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How do you solve a problem like this. I'm completely stumped. it seems like there should be an easy solution but I'm obviously over looking it. any help would be greatly appreciated.

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You have a description of the form $x_0+A\mu$, where $A$ has the 3 columns above. You need to find two vectors in $\mathbb{R}^5$ that are orthogonal to the columns of $A$, that is vectors that span $\ker A^T$. –  copper.hat Nov 4 '12 at 17:37
    
Sorry, I'm assuming by 'Cartesian' you mean a description of the form $Mx=b$ for some $2\times5$ matrix $M$ and some vector $b$. Is that correct? –  copper.hat Nov 4 '12 at 17:42
    
first of all thank you very much for your quick response. secondly this is a homework problem for my linear algebra class, so I'm not 100% sure if my its supposed to be in the Mx=b form, but I would assume so. –  AlexW.H.B. Nov 4 '12 at 17:50
    
Sorry, I haven't had time to look at this. Note that the three parametric vectors above are linearly dependent. –  copper.hat Nov 4 '12 at 20:05
    
Finally got a chance to fill an answer in... –  copper.hat Nov 5 '12 at 5:07

1 Answer 1

up vote 1 down vote accepted

Let $x_0 = (1, 0,2,1,0)^T$, $a_0 = (-2, -1, 2, -1 , 1)^T$, $a_1=(0,2,-2,1,-1)^T$, $a_2=(-4,0,2,-1,1)^T$.

Let $\cal P$ denote the set in question, ie, ${\cal P} = \{ x_0+\sum_{k=0}^2 \lambda_k a_k \}_{\lambda \in \mathbb{R}^3}$. A quick check shows that $a_0 = \frac{1}{2} (a_2-a_1)$, so in fact ${\cal P} = \{ x_0+\sum_{k=1}^2 \lambda_k a_k \}_{\lambda \in \mathbb{R}^2}$, and $a_1, a_2$ are linearly independent. Let $A=\begin{bmatrix} a_1 & a_2 \end{bmatrix}$. Then, with a slight abuse of notation, we can write ${\cal P} = x_0+{\cal R} (A)$, where ${\cal R} (A)$ denotes the range of $A$.

The goal is to find a matrix $M$ such that ${\cal P} = \{ x | M(x-x_0) = 0\} = \{ v+x_0\}_{v \in \ker M}$. Equivalently, we want to find $M$ such that ${\cal P}-x_0 = {\cal R} (A) = \ker M$. (The point being that $x_0$ is sort of irrelevant here.)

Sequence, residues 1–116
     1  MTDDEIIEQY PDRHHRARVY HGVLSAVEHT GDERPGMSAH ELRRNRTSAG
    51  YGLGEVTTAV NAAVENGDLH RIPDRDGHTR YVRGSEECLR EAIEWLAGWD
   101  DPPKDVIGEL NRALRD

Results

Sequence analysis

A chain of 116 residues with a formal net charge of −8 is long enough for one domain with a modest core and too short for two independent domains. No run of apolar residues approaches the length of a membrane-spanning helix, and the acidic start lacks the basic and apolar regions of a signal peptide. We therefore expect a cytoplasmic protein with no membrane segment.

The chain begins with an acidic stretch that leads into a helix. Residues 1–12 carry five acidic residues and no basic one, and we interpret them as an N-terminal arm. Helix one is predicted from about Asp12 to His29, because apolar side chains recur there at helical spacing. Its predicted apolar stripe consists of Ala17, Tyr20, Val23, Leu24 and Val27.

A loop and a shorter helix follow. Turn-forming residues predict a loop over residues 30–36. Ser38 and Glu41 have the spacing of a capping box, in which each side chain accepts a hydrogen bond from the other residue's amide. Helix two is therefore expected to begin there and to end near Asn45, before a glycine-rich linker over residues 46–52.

We note that $x \in {\cal R} (A) $ iff $x \bot {\cal R} (A)^\bot$, so if we can find a basis $c_1,...,c_k$ for ${\cal R} (A)^\bot$, then letting $C = \begin{bmatrix} c_1 & \cdots & c_k \end{bmatrix}$, we have $x \in {\cal R} (A) $ iff $C^T x = 0$. (Then letting $M=C^T$ finishes the problem.) We note in passing that since $\dim {\cal R} (A) = 2$, we have $\dim {\cal R} (A)^\bot = 3$.

There are many ways to find a basis of ${\cal R} (A)^\bot$. Tedious inspection yields $$C=\begin{bmatrix} 0 & 1 & -2 \\ 0 & 2 & -4 \\ 0 & 1 & -18 \\ 1 & -1 & -14 \\ 1 & 1 & 14 \end{bmatrix}$$

From this we obtain the desired description $\cal P$ is the set of $(x_1,...,x_5) \in \mathbb{R}^5$ that satisfy: \begin{eqnarray} (x_4-1)+x_5 & = & 0 \\ (x_1-1) + 2 x_2 + (x_3-2) - (x_4-1) + x_5 & = & 0 \\ -2(x_1-1) -4 x_2 -18(x_3-2) - 14(x_4-1) + 14 x_5 & = & 0 \\ \end{eqnarray}

A more computational approach would be to compute matrix $\Pi$ of the orthogonal projection onto ${\cal R} (A)^\bot$, and select a maximal set of linearly independent columns of $\Pi$. From the least squares problem, it is straightforward to show that $\Pi = A(A^TA)^{-1} A^T - I$. Another tedious computation shows that $$46 \, \Pi =\begin{bmatrix} 6 & 12 & 8 & -4 & 4 \\ 12 & 24 & 16 & -8 & 8 \\ 8 & 16 & 26 & 10 & -10 \\ -4 & -8 & 10 & 41 & 5 \\ 4 & 8 & -10 & 5 & 41 \end{bmatrix}$$ It is straightforward to verify that columns $2,4$ of $\Pi$ are multiples of columns $1,5$, hence columns $1,3,5$ provide another basis for ${\cal R} (A)^\bot$.

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Thank you so much for your help. your answer is so thorough. –  AlexW.H.B. Nov 5 '12 at 6:42
    
You are welcome, glad to be of help... –  copper.hat Nov 5 '12 at 6:58
    
quick question how did you calculate the C values? is it A=[a1 a2]= c , and just do row reduction? that is the only part i did not completely follow. –  AlexW.H.B. Nov 5 '12 at 10:13
    
Just be inspection (very tedious). I noticed that the last two components of the $a_k$ were of the form $x,-x$ so that gave the first vector $(0,0,0,1,1)^T$. Then I looked for a vector orthogonal to the $a_k$ and the first vector of $C$. No recipe, just guesswork. That's why I gave the prescriptive version. –  copper.hat Nov 5 '12 at 16:02

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